Have a little Faith
By Mitch Albom
First we had Tuesdays With Morrie, then The Five People You Meet In Heaven, and then One More Day. The first book catapulted Mitch Albom to the top of the best seller list and it was a well earned leap. The story of the dying Morrie Schwartz and his former student discussing the meaning of life and death was touching and thought provoking.
Here we have an enjoyable read that could almost be Morrie 2. Mr Albom is very good at visiting and chatting with old people; hearing the wisdom of their life stories and recording them. This time the old man is a Rabbi, and like Tuesdays with Morrie, the story is true.
Rabbi Albert Lewis is getting to be an old man, with aches and pains. After attending and event where Mitch Albom is guest speaker, he approaches the author with a request. “Will you do my eulogy? he asks. It is not the first time Mr Albom has met Albert Lewis. He attended the Synagogue, took his Bar Mitzvah and listened to the sermons of Rabbi Albert Lewis from the time he was a young lad. When he graduated from College, he walked away from Sabbath habits and Temple attendance, (except for visits at home) and he didn’t walk back. Until now.
Mitch asks to make regular visits with the Rabbi, renewing acquaintance with him, in order to, (at some date in the future) do his eulogy. The Rabbi agrees. That’s the first story.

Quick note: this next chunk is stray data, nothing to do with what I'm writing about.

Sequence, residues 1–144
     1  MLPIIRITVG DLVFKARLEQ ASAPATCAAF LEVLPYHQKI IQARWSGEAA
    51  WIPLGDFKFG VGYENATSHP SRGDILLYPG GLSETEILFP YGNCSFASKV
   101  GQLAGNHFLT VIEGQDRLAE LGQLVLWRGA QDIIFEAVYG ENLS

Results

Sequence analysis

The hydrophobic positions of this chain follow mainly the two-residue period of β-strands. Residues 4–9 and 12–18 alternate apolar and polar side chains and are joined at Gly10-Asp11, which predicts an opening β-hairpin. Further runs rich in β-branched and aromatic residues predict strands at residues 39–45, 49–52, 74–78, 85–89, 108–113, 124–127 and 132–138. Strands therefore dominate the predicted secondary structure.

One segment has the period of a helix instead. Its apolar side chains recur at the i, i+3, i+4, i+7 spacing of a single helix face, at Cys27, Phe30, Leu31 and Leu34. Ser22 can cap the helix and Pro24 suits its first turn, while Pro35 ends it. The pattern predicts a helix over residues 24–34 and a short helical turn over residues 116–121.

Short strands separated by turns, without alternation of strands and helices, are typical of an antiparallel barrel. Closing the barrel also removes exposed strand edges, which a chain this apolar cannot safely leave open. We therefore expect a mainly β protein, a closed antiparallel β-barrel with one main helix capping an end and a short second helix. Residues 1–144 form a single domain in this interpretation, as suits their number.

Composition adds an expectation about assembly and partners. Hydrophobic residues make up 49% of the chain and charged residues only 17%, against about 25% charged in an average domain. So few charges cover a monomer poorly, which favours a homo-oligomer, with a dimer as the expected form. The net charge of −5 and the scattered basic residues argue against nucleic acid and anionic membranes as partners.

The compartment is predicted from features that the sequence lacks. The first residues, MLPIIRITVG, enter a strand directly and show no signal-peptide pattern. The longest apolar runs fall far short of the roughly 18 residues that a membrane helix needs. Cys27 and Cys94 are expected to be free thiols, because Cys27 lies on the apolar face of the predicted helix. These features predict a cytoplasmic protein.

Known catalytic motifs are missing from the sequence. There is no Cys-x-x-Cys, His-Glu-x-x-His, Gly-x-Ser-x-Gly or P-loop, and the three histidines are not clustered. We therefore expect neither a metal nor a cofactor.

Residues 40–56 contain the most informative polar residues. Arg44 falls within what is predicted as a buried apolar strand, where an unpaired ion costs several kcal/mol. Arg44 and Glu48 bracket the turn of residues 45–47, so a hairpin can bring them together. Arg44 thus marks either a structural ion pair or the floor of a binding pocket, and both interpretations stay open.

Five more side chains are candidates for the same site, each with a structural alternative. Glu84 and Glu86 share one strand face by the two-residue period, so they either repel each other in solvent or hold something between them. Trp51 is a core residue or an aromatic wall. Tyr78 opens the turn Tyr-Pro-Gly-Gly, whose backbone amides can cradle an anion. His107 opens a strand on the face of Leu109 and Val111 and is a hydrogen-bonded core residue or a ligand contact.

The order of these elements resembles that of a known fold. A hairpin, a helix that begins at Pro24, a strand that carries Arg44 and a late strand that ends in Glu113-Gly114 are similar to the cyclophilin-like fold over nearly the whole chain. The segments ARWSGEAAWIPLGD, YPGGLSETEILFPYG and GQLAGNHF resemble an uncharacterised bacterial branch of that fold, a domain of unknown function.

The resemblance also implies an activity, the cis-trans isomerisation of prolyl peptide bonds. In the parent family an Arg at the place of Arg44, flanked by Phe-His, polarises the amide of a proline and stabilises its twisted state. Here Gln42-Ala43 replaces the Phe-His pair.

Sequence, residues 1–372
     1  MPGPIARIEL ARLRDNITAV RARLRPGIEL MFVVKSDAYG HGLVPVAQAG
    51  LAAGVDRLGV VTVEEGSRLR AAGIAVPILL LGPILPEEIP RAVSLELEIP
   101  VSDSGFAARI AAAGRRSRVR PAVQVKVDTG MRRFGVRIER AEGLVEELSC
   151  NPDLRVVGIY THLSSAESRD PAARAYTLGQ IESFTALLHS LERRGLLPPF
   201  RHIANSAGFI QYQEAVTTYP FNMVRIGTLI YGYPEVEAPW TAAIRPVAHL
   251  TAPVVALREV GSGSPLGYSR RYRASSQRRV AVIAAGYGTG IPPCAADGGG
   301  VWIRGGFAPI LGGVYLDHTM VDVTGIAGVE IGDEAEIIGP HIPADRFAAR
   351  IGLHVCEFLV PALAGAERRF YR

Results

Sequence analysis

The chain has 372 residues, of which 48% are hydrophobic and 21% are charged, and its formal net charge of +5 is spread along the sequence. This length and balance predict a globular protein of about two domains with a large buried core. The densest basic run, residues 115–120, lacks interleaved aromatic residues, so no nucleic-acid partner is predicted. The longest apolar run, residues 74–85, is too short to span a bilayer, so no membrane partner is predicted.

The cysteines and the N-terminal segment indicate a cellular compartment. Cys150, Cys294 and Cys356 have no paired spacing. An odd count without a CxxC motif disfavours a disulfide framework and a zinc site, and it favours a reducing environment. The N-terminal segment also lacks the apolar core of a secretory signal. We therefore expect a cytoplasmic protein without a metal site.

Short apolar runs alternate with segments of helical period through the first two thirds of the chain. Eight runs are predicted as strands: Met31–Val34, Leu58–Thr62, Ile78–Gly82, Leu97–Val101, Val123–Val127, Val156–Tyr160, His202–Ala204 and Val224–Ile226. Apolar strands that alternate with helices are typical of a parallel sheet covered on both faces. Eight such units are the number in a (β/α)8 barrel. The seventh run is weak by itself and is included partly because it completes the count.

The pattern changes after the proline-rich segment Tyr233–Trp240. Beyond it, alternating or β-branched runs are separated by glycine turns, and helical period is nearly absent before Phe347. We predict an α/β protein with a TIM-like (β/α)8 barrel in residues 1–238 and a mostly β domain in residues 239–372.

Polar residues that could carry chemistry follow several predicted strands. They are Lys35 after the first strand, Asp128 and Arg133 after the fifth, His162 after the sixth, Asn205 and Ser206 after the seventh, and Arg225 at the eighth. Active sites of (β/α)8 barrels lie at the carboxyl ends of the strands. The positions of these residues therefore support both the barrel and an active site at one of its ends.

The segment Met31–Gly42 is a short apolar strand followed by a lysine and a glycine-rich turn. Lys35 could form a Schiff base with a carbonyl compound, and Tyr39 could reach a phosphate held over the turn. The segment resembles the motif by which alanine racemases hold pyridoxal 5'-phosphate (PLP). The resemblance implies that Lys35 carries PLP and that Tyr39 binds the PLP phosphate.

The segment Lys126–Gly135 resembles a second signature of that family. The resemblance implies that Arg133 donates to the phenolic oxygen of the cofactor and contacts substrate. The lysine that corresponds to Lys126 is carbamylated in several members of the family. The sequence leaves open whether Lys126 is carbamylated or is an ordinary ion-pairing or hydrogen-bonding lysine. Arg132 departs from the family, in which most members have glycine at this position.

There are two stories in this book; the Rabbi’s and that of another man. Henry Covington was one of a family of seven children raised in the poor end of town by people worn down by life. At 10 years of age he attended a Baptist camp, where he was named “a child of God” and was “saved” by a young girl counselor. Sadly, his life takes all the wrong turns and eventually he does time in jail. One night he crosses the wrong people and he knows he’s a dead man if they find him. He prays for rescue. He admits, “I have been a troubled child, a delinquent teen, a bad man . . . could I still be a saved soul?” In his discussions with the Rabbi, Mitch is on home turf. This, after all, was his religion, though he’d slipped badly, and his Rabbi. When they discuss questions of pain and prayer, they are talking about the experience of their book, and their people. He begins to question the us and them of their discussions.
When Mitch goes to visit the “I am my Brothers Keeper Ministry,” he finds a derelict Church building full of homeless people, no heat and no budget. Reverend Henry Covington is bringing dinner, a bedroll and the Word to Detroit’s homeless. Mitch Albom says “find a man of faith, sit down and talk . . . you’ll learn a lot.” This is a book you’ll read more than once.
Peggy Freeman is a freelance writer living in Red Deer.